What all of this tells us is we have reached the tipping point for digital commerce, and like a tanker that is turning, once it hits the tipping point it tends to pick up speed. We see that in the coming quarters as retailers that lagged behind are now forced to invest to stay relevant with consumers.

In response to that accelerating shift, UPS is planning to expand its delivery and pickup schedule to six days for ground shipments, including Saturdays. In tandem, UPS will continue to invest in its logistics network, which signals it is preparing for the continued transformation in how consumers shop. That transformation is leading UPS to forecast revenue growth in the range of 4-6 percent over the 2018-2019 period, which means no slowdown in revenue growth from 2017 is expected. UPS also shared it intends to repurchase between $1-$1.8 billion in share repurchase during 2018-2019, which should allow it o grow EPS faster than revenue. UPS expects EPS during 2018-2019 to grow 5-10 percent, which is at the upper end of current expectations. As such, we expect to see Wall Street boosting price targets today and tomorrow up from the current consensus of $115 to something more inline with our $122 price target.


Embracing Technology of the Future


A drone demonstrates delivery capabilities from the top of a UPS truck during testing in Lithia, Florida, U.S. February 20, 2017. REUTERS/Scott Audette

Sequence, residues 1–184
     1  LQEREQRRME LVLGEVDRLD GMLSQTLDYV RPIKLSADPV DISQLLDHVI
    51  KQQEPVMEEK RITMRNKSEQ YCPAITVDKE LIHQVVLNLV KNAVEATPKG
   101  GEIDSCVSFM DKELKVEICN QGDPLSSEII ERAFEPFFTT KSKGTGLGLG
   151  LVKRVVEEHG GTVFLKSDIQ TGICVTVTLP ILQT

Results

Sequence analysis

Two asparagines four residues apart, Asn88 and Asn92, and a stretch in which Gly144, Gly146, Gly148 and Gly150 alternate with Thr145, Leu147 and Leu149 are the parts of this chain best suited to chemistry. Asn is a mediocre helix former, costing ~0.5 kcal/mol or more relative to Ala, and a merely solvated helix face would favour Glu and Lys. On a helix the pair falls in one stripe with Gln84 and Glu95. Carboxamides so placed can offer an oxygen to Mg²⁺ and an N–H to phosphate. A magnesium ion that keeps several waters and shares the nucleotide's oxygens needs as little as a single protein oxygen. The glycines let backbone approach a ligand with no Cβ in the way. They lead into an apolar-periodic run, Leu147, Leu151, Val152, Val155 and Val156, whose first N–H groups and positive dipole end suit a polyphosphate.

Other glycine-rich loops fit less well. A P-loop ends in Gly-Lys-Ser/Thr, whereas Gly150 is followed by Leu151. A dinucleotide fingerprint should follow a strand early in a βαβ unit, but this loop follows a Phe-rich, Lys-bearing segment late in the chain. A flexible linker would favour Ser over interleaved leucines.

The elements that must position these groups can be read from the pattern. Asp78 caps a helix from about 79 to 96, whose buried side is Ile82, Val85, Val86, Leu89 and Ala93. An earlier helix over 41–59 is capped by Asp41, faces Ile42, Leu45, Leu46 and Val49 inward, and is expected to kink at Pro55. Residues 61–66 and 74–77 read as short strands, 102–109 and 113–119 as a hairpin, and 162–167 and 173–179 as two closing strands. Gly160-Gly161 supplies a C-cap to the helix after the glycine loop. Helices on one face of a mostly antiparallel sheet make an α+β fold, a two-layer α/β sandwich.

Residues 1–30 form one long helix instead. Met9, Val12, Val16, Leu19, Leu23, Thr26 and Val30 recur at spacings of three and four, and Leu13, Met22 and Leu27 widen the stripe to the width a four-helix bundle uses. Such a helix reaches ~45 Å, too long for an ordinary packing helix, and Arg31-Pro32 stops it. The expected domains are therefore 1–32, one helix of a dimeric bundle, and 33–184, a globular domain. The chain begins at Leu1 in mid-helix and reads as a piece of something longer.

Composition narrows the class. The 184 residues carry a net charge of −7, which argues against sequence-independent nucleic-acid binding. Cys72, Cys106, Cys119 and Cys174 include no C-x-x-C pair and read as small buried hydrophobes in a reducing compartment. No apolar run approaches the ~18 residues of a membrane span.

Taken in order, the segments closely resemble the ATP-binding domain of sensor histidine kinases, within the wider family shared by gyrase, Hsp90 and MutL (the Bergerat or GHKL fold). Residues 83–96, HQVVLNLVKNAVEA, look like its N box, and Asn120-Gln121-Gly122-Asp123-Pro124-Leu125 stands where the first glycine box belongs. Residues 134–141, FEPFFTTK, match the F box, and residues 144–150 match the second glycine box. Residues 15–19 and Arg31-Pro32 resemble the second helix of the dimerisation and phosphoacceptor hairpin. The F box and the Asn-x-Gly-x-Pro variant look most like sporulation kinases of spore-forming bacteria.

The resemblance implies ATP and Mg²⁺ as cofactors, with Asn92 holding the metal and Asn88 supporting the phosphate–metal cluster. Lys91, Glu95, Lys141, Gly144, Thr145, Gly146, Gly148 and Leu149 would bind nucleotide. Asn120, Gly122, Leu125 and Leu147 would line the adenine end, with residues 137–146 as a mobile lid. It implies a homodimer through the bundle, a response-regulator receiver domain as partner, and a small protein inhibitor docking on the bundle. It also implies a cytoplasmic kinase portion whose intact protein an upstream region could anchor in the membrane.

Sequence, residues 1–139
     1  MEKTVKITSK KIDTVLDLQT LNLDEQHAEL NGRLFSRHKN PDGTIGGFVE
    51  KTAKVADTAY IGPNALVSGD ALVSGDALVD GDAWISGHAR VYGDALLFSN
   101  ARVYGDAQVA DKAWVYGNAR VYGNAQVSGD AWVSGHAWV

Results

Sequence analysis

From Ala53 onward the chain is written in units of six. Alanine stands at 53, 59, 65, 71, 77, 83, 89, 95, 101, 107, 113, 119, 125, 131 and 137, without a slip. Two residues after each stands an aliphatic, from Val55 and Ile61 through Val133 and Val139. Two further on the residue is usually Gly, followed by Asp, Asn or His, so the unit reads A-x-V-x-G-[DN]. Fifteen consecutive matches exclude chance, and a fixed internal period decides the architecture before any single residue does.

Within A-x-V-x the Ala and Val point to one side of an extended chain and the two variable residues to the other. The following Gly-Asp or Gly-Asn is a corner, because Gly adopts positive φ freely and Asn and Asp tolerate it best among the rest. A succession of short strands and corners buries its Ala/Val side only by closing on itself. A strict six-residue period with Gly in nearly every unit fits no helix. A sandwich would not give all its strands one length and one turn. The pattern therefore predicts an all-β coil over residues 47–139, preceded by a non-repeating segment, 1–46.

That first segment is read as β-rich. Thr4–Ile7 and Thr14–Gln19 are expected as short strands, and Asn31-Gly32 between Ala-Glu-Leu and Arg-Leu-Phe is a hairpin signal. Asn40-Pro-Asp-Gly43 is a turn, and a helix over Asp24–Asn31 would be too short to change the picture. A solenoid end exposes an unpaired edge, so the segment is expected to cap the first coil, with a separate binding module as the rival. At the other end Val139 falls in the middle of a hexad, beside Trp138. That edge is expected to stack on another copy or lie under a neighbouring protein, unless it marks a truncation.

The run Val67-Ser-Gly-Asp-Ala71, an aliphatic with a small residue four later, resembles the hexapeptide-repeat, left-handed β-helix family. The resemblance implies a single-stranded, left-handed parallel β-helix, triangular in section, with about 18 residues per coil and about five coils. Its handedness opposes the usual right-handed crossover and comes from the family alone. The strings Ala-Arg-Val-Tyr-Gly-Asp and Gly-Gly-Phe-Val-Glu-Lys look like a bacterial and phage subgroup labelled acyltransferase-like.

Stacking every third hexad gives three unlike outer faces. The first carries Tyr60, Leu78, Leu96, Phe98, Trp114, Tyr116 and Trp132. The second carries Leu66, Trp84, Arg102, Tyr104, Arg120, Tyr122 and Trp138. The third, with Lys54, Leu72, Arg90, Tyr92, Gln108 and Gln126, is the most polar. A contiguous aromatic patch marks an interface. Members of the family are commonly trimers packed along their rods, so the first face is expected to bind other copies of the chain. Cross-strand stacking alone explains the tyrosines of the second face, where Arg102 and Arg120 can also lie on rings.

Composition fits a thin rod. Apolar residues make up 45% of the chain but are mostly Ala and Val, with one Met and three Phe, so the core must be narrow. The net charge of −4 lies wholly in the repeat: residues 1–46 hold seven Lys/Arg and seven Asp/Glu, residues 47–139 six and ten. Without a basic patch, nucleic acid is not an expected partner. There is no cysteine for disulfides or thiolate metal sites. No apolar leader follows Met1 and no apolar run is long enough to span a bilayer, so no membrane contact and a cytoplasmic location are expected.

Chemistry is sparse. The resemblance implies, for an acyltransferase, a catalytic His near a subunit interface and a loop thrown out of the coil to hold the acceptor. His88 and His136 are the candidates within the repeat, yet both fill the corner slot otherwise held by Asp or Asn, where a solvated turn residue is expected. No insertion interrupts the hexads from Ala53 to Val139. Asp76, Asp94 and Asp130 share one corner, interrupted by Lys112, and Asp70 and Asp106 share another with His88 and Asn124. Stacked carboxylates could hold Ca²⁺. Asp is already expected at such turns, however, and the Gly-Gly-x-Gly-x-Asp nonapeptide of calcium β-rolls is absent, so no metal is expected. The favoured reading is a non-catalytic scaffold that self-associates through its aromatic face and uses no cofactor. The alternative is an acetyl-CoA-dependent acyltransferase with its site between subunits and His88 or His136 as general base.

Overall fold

UPS also shared it continues to test drone deliveries, including launching the drone from the top of a UPS van that is outfitted with a recharging station for the battery-powered drone. Granted this in testing, but in our view, the hub and spoke method of deploying drones from UPS trucks makes sense given that drones, especially those carrying packages, are like to operate for limited time frames due in part to battery power demands. In UPS’s tests, the battery-powered drone recharges while it’s docked. It has a 30-minute flight time and can carry a package weighing up to 10 pounds.

Again, we find this interesting, but odds are we will not see any pronounced impact on UPS’s delivery business for at least several quarters. Longer-term, initiatives such as these could spur further productivity and margin improvements.


The Bottomline on United Parcel Service (UPS)
  • We are adding shares of United Parcel Service (UPS) to the Tematica Select List with a price target of $122.
  • Should the shares drift toward the $100 level, we are inclined to get more bullish on the shares given the business fundamentals as historical dividend yield valuation metrics.